If your ancestry is Scots, VisitScotland and the Forestry Commission want old family photographs

When you think about ‘the family tree’ there’s is after all a logic in Forestry Commission Scotland teaming up with VisitScotland in this initiative. During Homecoming Scotland 2009 the agencies want to put together a gallery of photographs from people world-wide with Scottish ancestry.

Today’s Scots abroad may be descendants of those displaced in the Scottish diaspora or they may be more recent economic migrants – but their photographs will be the heart of the exhibition which will be displayed on the edge of Argyll. It will show at the David Marshall Lodge at Aberfoyle in Loch Lomond and the Trossachs National Park. This includes a significant part of Argyll’s territory and the old Argyll Forest.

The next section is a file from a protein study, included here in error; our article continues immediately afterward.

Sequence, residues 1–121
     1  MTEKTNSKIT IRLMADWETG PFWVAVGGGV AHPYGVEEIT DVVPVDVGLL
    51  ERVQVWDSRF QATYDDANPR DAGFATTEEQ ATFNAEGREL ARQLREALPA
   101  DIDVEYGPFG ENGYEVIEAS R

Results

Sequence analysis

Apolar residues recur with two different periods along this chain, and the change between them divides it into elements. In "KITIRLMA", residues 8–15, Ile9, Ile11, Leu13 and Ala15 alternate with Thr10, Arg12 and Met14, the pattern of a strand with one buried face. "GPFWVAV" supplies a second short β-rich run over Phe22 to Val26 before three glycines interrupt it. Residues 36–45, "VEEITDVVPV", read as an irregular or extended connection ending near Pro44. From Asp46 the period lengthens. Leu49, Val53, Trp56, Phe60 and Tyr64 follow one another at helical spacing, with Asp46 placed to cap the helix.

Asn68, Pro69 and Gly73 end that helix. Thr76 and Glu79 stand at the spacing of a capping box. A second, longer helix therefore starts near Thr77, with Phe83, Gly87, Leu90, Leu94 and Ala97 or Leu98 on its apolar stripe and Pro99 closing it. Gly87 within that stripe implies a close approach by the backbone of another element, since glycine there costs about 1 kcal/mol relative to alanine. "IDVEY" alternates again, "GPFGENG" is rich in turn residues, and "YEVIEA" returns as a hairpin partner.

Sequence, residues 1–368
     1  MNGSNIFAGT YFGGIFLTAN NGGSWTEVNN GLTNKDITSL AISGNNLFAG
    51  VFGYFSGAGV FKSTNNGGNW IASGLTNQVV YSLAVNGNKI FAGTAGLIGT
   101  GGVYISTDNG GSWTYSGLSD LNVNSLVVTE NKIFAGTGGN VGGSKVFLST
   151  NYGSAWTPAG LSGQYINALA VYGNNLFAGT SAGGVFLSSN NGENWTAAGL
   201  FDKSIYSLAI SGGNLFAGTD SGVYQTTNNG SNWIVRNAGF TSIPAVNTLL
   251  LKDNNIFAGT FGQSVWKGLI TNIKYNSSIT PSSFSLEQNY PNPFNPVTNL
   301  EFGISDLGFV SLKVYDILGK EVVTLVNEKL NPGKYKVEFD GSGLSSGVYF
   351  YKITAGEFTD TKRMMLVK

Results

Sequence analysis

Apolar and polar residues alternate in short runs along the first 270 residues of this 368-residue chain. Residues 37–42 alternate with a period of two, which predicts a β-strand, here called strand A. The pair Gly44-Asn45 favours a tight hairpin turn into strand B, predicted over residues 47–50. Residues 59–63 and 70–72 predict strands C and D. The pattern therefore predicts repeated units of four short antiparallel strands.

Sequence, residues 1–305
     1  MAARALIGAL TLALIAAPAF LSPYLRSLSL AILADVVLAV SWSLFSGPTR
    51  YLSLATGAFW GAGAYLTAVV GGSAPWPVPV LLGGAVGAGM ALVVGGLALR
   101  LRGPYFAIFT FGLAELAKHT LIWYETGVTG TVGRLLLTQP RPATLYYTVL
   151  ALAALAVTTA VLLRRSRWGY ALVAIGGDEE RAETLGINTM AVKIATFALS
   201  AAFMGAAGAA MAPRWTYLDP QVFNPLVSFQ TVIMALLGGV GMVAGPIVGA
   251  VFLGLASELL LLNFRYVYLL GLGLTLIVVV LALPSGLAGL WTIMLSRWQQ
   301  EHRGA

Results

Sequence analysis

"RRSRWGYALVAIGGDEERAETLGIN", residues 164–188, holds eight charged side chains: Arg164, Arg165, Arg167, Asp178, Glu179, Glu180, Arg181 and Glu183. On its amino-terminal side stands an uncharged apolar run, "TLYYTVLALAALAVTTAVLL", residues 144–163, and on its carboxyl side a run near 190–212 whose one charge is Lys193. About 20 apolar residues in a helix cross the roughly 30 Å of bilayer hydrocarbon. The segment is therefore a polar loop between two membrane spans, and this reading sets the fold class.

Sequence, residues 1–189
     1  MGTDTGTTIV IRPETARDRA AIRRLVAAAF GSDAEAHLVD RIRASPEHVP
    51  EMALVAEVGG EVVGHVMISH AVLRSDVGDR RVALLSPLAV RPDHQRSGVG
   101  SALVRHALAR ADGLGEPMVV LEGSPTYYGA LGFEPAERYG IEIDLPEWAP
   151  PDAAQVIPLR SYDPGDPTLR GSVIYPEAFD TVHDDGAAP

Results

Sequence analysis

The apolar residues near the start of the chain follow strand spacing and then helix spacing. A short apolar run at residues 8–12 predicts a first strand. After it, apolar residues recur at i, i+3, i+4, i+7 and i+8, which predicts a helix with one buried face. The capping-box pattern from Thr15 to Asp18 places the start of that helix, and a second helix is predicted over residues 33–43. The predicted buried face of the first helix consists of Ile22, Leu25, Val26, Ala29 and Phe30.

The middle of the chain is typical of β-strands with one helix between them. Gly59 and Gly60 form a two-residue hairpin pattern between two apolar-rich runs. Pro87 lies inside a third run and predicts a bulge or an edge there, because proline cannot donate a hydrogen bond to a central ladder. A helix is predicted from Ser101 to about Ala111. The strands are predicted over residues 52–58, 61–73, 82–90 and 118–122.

Forests are also central to the project. Forestry Commisskon Scotland will focus on photographs of those who worked in or lived in Scotland’s forests. And this is bound to include some startling curiosities. Remember that the people living on the treeless rocky islands of St Kilda out into the Atlantic, evacuated at thier own request in 1930, were relocated largely to work in the forests at Loch Aline in Morvern, then part of Argyll.

And since we’re into curiosities, there’s another Argyll link to St Kilda. In 1931 the St Kilda archipelago was sold to the Marquess of Bute, a keen ornithologist. He bequeathed the islands to The National Trust for Scotland in 1957.

Anyway, wherever you are in the world, if you have a family connection to Scotand, dig out your old photographs, scan them and email them to this project. The site and the project go live on 26th January 2009.

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